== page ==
The Pain of Knowing

Then Jesus replied,  “Have I not chosen you, the Twelve?  Yet one of you is a devil!”  (He meant Judas, the son of Simon Iscariot, who, though one of the Twelve, was later to betray Him.)  John 6:70, 71.

 It must have been weird to know the identity of the very person who would betray Him to death.  How did He cope with the knowledge without letting the cat out of the bag…and more importantly, why would He take on the very type of man who would sign His death warrant?  It speaks to both Jesus’ character and dedication to His mission that He kept His enemy close.

At the same time I wonder if He didn’t harbor some hope of rescuing Judas from his own choices.  Peter denied Jesus, which in essence was a betrayal, though may be not as bad as Judas’ selling Him for a slave’s price.    Still, Judas holds a special place in history as a very evil man.  I don’t doubt he was in some way evil, but he couldn’t have been all bad because Jesus took him on as one of the Twelve, he performed miracles when Jesus sent out the 72 and participated in some of the other great moments in Jesus’ ministry.

Or did you think that God wouldn’t heal through a Judas?

God works through any vessel willing to be used by Him.  He used heathen kings, humble idolaters and weak willed men throughout the history of Scripture, so Judas would have been no exception.  I believe had Judas come to Christ in repentance and asked forgiveness, he would have received it and a different story would have been written.  Yet if the nails and thorns Jesus wore were due to my sin, then I betrayed Jesus just as badly as Judas.  Jesus prayed about Judas later in this book, speaking of him as “the one doomed to perdition” and fulfilling Scripture.  However, this fact doesn’t mean Judas couldn’t have turned around and been welcomed back, rather it speaks more to his own choice than God’s desire for him.

For a long time whenever I read John’s constant reminders that Judas betrayed his Master, I took it to mean John resented the man and was rubbing salt in the wound.  As I’ve read and reread the gospel, however, I get another point all together:  John wanted to emphasize Christ’s foreknowledge as God incarnate by constantly reminding his readers of Jesus’ awareness about Judas’ role in His upcoming death and resurrection.  The reason I don’t think there is any malice in John’s reminders is that he doesn’t rail against him or try to put him down outside of the truth about him.  One thread all the Bible writers have in common is they don’t shy away from the distasteful truth surrounding human nature—John is no exception.

Judas was a thief and betrayer, yes, but he was also one of the Twelve who performed miracles and preached the message of Christ.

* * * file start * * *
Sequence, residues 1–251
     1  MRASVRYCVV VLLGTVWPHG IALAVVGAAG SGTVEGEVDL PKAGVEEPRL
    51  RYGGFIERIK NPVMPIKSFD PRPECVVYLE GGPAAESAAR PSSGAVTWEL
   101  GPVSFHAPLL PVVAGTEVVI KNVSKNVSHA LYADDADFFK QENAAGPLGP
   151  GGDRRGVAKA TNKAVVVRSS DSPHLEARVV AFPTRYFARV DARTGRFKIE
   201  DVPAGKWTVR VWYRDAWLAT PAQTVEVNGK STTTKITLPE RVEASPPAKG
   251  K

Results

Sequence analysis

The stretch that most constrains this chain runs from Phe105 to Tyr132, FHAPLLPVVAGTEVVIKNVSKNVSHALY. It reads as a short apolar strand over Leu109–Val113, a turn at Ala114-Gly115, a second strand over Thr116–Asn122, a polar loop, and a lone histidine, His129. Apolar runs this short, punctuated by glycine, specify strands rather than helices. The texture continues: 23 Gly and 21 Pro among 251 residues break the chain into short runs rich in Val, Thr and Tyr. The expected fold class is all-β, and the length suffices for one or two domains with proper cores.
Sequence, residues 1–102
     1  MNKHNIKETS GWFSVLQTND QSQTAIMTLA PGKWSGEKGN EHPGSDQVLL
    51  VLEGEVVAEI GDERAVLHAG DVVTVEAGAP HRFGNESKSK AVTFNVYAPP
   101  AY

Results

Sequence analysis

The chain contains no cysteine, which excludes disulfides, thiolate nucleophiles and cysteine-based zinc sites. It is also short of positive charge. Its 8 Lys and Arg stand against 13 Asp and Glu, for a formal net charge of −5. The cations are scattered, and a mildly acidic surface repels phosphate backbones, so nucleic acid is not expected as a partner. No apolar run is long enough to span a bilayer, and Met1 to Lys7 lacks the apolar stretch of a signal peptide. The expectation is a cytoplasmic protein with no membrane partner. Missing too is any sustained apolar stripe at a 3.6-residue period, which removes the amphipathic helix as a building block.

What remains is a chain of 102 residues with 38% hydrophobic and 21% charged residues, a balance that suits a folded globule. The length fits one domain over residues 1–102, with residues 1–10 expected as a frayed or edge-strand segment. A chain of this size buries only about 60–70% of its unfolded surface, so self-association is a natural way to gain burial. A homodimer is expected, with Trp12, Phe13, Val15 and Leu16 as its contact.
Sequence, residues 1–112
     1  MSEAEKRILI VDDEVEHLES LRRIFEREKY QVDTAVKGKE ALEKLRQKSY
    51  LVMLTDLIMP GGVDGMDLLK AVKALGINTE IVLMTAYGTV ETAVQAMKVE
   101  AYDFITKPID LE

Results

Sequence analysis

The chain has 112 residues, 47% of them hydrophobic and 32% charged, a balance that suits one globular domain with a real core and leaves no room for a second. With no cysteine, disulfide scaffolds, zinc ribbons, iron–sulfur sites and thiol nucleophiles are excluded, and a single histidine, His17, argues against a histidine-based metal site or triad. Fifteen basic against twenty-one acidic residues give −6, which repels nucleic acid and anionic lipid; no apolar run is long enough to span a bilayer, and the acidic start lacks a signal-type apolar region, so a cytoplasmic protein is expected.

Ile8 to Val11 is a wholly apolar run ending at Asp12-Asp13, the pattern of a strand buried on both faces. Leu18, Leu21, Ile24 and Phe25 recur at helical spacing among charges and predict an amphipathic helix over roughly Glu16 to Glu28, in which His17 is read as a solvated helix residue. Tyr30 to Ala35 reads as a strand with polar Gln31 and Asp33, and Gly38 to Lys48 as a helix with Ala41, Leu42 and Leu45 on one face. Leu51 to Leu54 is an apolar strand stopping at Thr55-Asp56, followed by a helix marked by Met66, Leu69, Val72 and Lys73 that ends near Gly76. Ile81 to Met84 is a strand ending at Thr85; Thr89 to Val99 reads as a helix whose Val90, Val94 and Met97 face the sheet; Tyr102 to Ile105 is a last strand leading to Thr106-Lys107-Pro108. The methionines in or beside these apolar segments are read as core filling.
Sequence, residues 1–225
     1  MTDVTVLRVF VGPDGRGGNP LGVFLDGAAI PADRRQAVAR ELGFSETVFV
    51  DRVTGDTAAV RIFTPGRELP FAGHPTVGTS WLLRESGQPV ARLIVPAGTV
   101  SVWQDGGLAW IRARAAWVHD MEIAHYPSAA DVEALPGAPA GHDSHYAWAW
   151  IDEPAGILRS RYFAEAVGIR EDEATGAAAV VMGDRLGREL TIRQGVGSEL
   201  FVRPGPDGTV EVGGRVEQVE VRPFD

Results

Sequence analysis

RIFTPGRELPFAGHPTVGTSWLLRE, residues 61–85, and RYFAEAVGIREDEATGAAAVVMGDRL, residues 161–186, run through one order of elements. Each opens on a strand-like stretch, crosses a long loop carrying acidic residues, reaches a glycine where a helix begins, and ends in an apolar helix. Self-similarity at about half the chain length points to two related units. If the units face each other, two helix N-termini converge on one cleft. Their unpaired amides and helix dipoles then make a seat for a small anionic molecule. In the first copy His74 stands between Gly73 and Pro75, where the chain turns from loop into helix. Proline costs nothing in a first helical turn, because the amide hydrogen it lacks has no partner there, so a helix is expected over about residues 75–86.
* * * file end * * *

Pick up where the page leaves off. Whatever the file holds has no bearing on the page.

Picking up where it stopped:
What does it say about who we should be?

In another gospel the author quotes Jesus telling His followers not to worry about the weeds that grow among us for they are God’s worry not ours.  There are people we need to discipline in the church and some who will need to be excluded from fellowship for a time because of blatant sin, but we are not to worry about those who deceive us about their intentions.  We are live intentionally ourselves while not delving into those of others, it’s not our business.

I have lived worried about the hearts of others for a long time.  I concern myself with the intent of the other person because motivation speaks to their character.  I know this knowledge is something only God can know, and if He chooses to not act against these people, as in the case of Judas, then who am I to counter His wishes.  What is the result of pulling up the weeds?  Losing some of the good grain along with them.  It is only in the harvest that the sorting process can take place, which is God’s job alone.

My goal now is to worry less about the intentions of others and concern myself with growing my own heart and of those hearts who come under my influence to be more like the Master’s.  In other words, I want the intent of my heart to be like His.  Though Jesus might know the intent of the heart as in the case of Judas, I can’t, therefore if He, knowing who would betray Him, didn’t uproot Judas, who am I to uproot those I suspect of hypocrisy?

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One Response to “The Pain of Knowing”

  1. tlc4women Says:

    It also speaks to his foreknowledge of our sins and yet he awaits our response. Imagine knowing our kids are about to fall off a cliff, so to speak, and knowing the lesson will be far more important than the cuts and bruises they’ll sustain and the pain it will cause us to see it. One thing we know for sure. God isn’t a helicopter parent.

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